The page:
Feb. 28, 1863 – During the Civil War, the Federal naval attacked Fort McAllister, Ga., and a Naval encounter occurred on the Ogeechee River, south of Savannah, Ga. A skirmish was also fought out from Fort Gibson in the Indian Territory.

Feb. 28, 1864 – After getting captured by the Union at Campbell’s Station, Noah Dallas Peacock (Lewis Lavon Peacock’s older brother) was transferred from Asylum General Hospital in Nashville to Louisville Military Prison.

Feb. 28, 1864 - A major Union cavalry raid began when General Hugh Judson Kilpatrick led 3,500 troopers south from Stevensburg, Virginia. Aimed at Richmond, the raid sought to free Federal prisoners and spread word of President Abraham Lincoln's Proclamation of Amnesty and Reconstruction in hopes of convincing Confederates to lay down their arms. Kilpatrick took with him Colonel Ulrich Dahlgren to conduct the prisoner release while Kilpatrick covered him with the main force

Feb. 28, 1864 – During the Civil War, skirmishes were fought along the Peal River and at Yazoo City, Miss.; at Dukedom Tenn.; and at Ely’s Ford, Va. A Federal operation took place in Gloucester County and Albermarle County, Va.

Feb. 28, 1865 – During the Civil War, Nathan Bedford Forrest was finally appointed Lieutenant General, and a skirmish was fought in the vicinity of Cheraw and Rocky Mount, S.C.

Feb. 28, 1872 - John Gassaway Rush passed away at the age of 54 and was buried in McIntosh Cemetery, which is located behind Andrews Chapel in McIntosh, Ala. In 1860, he and his wife donated the land where the church was constructed.

Feb. 28, 1887 - Alabama passed its first child labor law, fixing age limits and restricting work hours for certain types of labor. The legislation, which also protected women workers, was repealed in the 1890s, but efforts of reformers like Rev. Edgar Gardner Murphy of Montgomery resulted in new child labor laws during the first two decades of the 20th century.

Feb. 28, 1894 – Novelist, playwright and screenwriter Ben Hecht was born in New York City.

Feb., 28, 1895 – The Monroe Journal reported that “a little colored girl was shot and killed by her brother near Perdue Hill last week. The two children were playing with an old gun which went off with the above result.”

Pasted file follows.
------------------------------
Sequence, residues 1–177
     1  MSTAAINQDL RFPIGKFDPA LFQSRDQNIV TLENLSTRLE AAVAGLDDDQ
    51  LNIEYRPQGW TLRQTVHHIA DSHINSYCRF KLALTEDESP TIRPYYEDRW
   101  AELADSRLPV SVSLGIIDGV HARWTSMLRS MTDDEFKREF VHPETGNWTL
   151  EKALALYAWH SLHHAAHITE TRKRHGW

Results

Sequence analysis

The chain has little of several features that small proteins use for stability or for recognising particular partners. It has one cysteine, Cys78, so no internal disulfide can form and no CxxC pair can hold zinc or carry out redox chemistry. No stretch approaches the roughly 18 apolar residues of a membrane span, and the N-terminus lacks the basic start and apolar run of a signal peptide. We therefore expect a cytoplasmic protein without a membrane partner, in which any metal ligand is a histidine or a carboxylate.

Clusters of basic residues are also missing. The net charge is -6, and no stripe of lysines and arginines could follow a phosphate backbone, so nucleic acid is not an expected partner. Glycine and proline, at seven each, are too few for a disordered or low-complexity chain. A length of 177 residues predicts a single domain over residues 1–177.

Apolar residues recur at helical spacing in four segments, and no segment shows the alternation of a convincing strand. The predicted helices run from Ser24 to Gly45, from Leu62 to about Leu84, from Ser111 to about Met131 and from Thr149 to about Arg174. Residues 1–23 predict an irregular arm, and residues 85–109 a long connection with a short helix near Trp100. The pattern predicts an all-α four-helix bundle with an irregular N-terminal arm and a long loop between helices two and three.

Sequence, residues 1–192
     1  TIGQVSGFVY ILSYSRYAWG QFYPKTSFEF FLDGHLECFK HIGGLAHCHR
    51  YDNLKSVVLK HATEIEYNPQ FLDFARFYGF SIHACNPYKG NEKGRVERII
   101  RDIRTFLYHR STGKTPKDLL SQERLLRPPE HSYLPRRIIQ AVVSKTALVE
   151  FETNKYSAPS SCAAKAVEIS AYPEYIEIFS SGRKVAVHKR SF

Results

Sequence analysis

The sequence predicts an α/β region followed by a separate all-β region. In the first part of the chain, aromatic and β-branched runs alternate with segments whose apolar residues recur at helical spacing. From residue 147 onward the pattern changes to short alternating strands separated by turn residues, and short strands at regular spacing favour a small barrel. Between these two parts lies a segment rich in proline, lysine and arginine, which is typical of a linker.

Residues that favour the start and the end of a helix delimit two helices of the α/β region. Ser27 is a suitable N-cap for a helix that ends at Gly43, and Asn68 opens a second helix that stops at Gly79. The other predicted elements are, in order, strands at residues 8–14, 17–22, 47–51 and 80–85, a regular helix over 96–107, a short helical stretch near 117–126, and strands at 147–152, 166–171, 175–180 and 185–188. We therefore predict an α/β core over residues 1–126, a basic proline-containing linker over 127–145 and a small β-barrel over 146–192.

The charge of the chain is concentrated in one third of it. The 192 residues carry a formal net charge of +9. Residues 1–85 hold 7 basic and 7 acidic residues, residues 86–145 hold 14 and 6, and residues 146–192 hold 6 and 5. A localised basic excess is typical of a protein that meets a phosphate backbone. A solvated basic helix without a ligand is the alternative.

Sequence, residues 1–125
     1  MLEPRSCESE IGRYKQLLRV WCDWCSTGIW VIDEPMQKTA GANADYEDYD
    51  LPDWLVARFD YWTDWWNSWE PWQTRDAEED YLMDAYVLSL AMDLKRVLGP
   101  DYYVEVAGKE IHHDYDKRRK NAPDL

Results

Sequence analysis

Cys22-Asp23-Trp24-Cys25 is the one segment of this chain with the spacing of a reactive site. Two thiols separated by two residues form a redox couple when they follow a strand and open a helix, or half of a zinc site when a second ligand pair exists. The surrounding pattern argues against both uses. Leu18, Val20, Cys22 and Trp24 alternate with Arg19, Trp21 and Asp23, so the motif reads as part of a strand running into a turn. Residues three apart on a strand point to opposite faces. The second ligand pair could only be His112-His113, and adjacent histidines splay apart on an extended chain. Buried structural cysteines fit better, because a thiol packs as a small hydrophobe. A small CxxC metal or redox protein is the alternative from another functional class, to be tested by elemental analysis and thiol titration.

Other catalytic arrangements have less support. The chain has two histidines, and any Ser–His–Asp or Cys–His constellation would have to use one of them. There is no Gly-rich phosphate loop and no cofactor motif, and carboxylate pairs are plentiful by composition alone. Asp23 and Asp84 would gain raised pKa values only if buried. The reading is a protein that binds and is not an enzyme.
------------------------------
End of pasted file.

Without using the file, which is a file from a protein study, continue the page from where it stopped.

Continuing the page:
Feb. 28, 1901 – The Town of Beatrice, Ala. was officially incorporated as a municipality. While the Selma to Pensacola branch of the Louisville & Nashville Railroad was being built, the general superintendent of construction, a Col. Seymour of Nashville, Tenn., asked that the town growing up around the station in present-day Beatrice be named for his granddaughter, Beatrice Seymour. The Beatrice post office was established in 1900. (Places Names in Alabama)

Feb. 28, 1901 – According to the Alabama League of Municipalities, Opp was officially incorporated as a municipality.

Feb. 28, 1906 – The Evergreen Courant reported that the Evergreen Bottling Co. had opened a supply depot next door to McNutt’s barber shop, and was prepared to supply dealers with bottled soda water, ginger ale, etc. on short notice.

Feb. 28, 1906 – The Evergreen Courant reported that Frank Simmons of Evergreen, Ala. had brought the newspaper a 9-1/2 pound “monster turnip” that was bigger than the 7-3/4 pound turnip recently grown by J.J. Pearce of Bowles.

Feb. 28, 1906 – The Evergreen Courant reported that the Daughters of the Confederacy planned to make a donation to the Soldiers’ Home at Mountain Creek and earnestly desired the cooperation of every Confederate veteran. All contributions were to be left at the McCreary Drug Store. Mrs. M. McCreary was President of the U.D.C. and Mrs. Edwin C. Page was Corresponding Secretary.